Joni Dusi provides the model of love and support for all family members, giving extra-special support and health care for Benito and Dorothy, traveling with her grandchildren and providing sustenance for daily living at the family table. She also has driven trucks and farm equipment, maintained the vineyards and worked the harvests. Joni participates actively in the business decisions. She graciously meets the guests in the J Dusi Tasting Room and is attentive to making their tastings most memorable. Joni chronicles the history of her family and has been a partner to the Wine History Project in archiving and preserving it. She is solid, unwavering and optimistic. She is the secret ingredient to the family’s success.
The late Kathy Dusi, Janell’s aunt, lived life with laughter as she explored her passions for the arts, people and their cultures. Kathy attended to Cal Poly for two years, but quit to go to work for PG&E. She was the first female installer in San Luis Obispo County. She was trained to climb the poles to install equipment for telephones. She wore the boots, hardhat, tool belt and she would climb right to the top to the telephone poles. She could also do the repairs when a phone line went down. Joni Dusi recalls, “She was harassed at first, men thinking she could not do the work needed to be done as an installer. She was called ‘Dusi’ and she gained their respect by doing whatever the men could do, and she did it faster. Being raised with two brothers makes a girl tough. That girl had hands the were fast, and she was smart, she could tell a joke like no other and she was brave.” Kathy traveled the world during her lifetime. She was a stained-glass artist and a musician, playing the flute and the accordion. She imparted a sense of adventure and curiosity to Janell, by learning languages, making new friends in foreign lands, living in ancient cities, and installing stained glass windows in foreign churches. Kathy believed you can achieve almost anything with enthusiasm, drive and hard work. She trained in Wengen Switzerland to work in a Michelin Restaurant in the Alps, imported teak furniture from Bali to sell in California but was home for harvest in the Dante Dusi Vineyards where she grew up. Her brother, Mike, misses her jokes and her help every time he picks a bin of grapes. Kathy died from breast cancer but her spirit, her laughter and sense of adventure are to be found in Janell.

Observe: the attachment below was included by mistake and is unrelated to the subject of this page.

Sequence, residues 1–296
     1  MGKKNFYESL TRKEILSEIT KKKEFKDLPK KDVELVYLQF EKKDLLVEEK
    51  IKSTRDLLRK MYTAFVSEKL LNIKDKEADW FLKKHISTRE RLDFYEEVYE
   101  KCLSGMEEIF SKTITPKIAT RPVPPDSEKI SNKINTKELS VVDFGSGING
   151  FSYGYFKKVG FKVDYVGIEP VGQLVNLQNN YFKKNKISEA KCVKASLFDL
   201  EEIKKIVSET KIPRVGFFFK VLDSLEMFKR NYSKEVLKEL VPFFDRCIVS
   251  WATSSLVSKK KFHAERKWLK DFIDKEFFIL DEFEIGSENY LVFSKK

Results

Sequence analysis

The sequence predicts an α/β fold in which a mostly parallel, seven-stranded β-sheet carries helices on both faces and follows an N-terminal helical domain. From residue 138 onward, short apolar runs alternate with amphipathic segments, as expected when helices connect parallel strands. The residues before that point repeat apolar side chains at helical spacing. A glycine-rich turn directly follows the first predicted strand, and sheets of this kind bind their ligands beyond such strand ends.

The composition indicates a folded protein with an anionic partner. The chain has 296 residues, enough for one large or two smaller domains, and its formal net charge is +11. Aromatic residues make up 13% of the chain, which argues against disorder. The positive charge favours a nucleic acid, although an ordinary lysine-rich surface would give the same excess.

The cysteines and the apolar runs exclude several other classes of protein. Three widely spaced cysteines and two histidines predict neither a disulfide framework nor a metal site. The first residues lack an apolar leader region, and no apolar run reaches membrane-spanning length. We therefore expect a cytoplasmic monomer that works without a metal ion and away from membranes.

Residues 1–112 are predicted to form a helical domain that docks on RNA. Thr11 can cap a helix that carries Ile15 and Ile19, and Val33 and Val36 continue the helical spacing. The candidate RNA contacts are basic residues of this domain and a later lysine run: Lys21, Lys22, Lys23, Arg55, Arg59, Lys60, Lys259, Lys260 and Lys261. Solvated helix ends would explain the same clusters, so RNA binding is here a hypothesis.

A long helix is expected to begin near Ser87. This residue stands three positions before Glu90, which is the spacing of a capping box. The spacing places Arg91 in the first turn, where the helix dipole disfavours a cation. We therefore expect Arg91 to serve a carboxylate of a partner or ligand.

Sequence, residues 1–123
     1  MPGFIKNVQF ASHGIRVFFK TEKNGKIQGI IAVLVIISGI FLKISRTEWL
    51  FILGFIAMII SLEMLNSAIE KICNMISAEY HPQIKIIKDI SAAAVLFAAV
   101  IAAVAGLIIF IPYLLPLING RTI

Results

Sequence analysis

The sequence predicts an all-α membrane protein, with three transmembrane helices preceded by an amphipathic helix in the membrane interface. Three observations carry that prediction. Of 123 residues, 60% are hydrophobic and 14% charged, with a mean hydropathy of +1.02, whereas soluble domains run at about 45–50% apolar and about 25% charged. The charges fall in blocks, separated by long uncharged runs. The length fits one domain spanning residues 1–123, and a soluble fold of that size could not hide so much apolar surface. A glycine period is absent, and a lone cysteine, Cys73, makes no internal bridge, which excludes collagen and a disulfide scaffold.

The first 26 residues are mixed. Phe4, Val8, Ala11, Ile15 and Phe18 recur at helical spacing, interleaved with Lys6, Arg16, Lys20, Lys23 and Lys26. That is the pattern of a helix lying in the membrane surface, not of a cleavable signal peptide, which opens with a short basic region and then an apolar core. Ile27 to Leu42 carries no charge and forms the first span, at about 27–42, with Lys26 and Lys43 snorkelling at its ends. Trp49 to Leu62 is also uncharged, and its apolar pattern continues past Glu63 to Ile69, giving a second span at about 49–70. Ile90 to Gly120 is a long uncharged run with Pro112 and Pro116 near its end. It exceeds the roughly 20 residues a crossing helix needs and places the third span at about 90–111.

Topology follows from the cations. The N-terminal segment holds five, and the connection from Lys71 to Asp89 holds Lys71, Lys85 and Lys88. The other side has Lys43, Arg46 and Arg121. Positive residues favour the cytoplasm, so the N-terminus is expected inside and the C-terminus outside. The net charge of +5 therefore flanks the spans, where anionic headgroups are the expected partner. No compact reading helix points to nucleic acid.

Dorothy Dusi provides the model of a woman who worked very hard in the family business but also developed her own career as an artist in stained glass. She is a woman who pursued her career and her world travels, after raising her children, with her husband’s support in an era when that was unusual. She is an independent woman who balanced family responsibilities and her own passions. She learned to care for the vineyards and manage the harvests on her own, directing the labor crews and transportation to customers – a study in resourcefulness and capability.